• Tallahassee, FL 32399
    • Please keep a copy of the submitted report for your records and insurance purposes.

    If the Florida Highway Patrol responded to the scene, here’s how to get your Florida Highway Patrol traffic accident report.

    What if I Don’t File a Police Report After an Accident in Florida?

    Failing to file a police report after an accident in Florida, especially when it involves significant property damage, physical injuries, or fatalities, can have serious consequences. While it may not lead to criminal prosecution on its own, it can result in substantial fines and potentially raise suspicion during legal proceedings. In the interest of safeguarding your rights and ensuring transparency, it is always advisable to file a police report, even for seemingly minor accidents, within the stipulated time frame. Doing so not only fulfills your legal obligations but also protects your interests in case of unforeseen complications.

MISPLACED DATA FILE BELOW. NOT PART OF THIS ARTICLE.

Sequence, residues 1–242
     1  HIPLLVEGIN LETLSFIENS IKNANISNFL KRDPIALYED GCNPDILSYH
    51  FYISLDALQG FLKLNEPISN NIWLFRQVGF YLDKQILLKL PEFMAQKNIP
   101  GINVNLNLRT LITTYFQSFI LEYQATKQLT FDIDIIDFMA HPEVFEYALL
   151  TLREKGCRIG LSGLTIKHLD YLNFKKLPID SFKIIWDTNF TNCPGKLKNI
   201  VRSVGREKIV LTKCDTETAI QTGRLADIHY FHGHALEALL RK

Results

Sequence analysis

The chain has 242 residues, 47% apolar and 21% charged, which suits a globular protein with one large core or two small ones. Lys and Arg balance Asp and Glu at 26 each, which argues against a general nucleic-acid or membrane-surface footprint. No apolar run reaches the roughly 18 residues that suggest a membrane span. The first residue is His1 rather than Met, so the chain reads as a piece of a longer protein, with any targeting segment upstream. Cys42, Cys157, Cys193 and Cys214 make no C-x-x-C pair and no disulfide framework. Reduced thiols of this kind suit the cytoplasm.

How Do I Get My Police Report in Florida?

    If a local police department or county sheriff filed a police report after an accident in their jurisdiction, or if you filed a report on your own, you will need the accident report for insurance and to give to your Florida car accident attorney. Refer to our helpful guides on how to obtain an accident report online in Florida, how to get your Ocala accident report, how to obtain a Marion County accident report, and how to get your Sumner County police report online.

    Gordon Glover

    Attorney Gordon Glover is the founder of the Glover Law Firm Accident & Injury Lawyer in Ocala and The Villages, Florida. He has an AV-rating by Martindale-Hubbell, the highest rating as determined by other attorneys and the judiciary. Gordon has been recognized by Florida Super Lawyers, a distinction given to less than 2.5 % of the lawyers in Florida, and earned AVVO’s highest rating of “Superb 10/10.” Glover Law Firm also has a perfect A+ rating on the BBB (Better Business Bureau).